According to a study by the Pew Research center, four out of every ten marriages are now remarriages. What special issues do remarried couples need to think about when they get married a second time?
Besides the family dynamics, there are all sorts of economic and personal issues they need to think about, such as income taxes, prenuptial agreements, pensions, 401k benefits, Social Security benefits, cost-sharing, and estate planning documents. Let’s focus on one aspect, your estate planning documents.
Let’s use a real-life example. A couple remarried in their 50s. They each had children from their first marriage. The husband died twenty years later. He wanted to provide for his second wife, so his will stated that all his assets went to her with the understanding that upon her death, those assets would revert to his children.
However, after the husband’s death, the surviving wife combined all their assets. On her death, all the money went to her children. The husband’s children were left with nothing.
So, what should he have done? He should have set up what is commonly called a marital trust. The trust would hold the assets for his second wife after his death, but upon the wife’s death, the assets must go back to his children. The trust document prohibits the widow from transferring the assets to her children.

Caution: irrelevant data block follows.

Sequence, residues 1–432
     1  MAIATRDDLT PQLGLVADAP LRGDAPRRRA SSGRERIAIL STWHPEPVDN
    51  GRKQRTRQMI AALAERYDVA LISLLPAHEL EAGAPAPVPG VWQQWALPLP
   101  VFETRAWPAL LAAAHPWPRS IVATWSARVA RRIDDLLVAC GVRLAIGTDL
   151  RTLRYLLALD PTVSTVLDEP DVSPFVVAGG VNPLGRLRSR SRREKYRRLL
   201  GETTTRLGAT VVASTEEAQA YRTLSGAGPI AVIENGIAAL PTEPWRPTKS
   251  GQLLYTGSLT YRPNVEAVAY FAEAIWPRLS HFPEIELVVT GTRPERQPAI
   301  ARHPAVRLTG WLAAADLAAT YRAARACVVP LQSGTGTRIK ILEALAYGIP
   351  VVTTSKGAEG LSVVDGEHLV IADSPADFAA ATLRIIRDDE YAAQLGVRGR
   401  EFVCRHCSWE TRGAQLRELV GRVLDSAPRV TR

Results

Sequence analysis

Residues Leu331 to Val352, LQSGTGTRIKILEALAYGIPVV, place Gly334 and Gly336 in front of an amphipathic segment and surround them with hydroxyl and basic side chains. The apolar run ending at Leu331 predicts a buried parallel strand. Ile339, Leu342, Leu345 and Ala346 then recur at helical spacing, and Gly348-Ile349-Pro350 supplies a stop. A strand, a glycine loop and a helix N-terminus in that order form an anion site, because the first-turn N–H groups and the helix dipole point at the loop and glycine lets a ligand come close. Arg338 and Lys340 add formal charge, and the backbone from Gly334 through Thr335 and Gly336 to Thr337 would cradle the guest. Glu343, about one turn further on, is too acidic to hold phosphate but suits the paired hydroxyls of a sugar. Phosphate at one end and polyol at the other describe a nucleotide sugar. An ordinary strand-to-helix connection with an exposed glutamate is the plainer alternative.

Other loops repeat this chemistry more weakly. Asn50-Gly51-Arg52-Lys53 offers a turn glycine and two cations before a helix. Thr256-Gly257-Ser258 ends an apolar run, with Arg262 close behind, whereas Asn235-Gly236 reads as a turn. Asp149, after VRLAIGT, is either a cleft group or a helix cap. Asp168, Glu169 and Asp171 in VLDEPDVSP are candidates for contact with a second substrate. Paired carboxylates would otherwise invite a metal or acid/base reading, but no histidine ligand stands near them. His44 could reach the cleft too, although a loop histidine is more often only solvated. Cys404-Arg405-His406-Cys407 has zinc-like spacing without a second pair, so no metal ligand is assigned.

As for other important documents, everyone should have a durable financial Power of Attorney, durable health care Power of Attorney and a Living Will Declaration. Consider whether you want your new spouse to have the authority to deal with your financial affairs or if you plan to keep your finances separate from your spouse’s. A prenuptial agreement may dictate how that is handled. Consider whether you would rather have your children making medical decisions for you. This may include end of life choices, so be careful who you choose.
Additionally, remember that your estate planning documents don’t necessarily control the designation of beneficiary on your retirement plans, annuities, or life insurance policies. If you fail to change the beneficiary, your assets may not flow to whom you think. You don’t want your life insurance proceeds to go to your ex-spouse instead of your new spouse or your children! Check and update your documents regularly.
There is no one size fits all concerning remarriages OR updating your estate planning documents. Since more and older Americans face this issue, you need to consult your team: your attorney, accountant, tax planner, other professionals, and, of course, your family.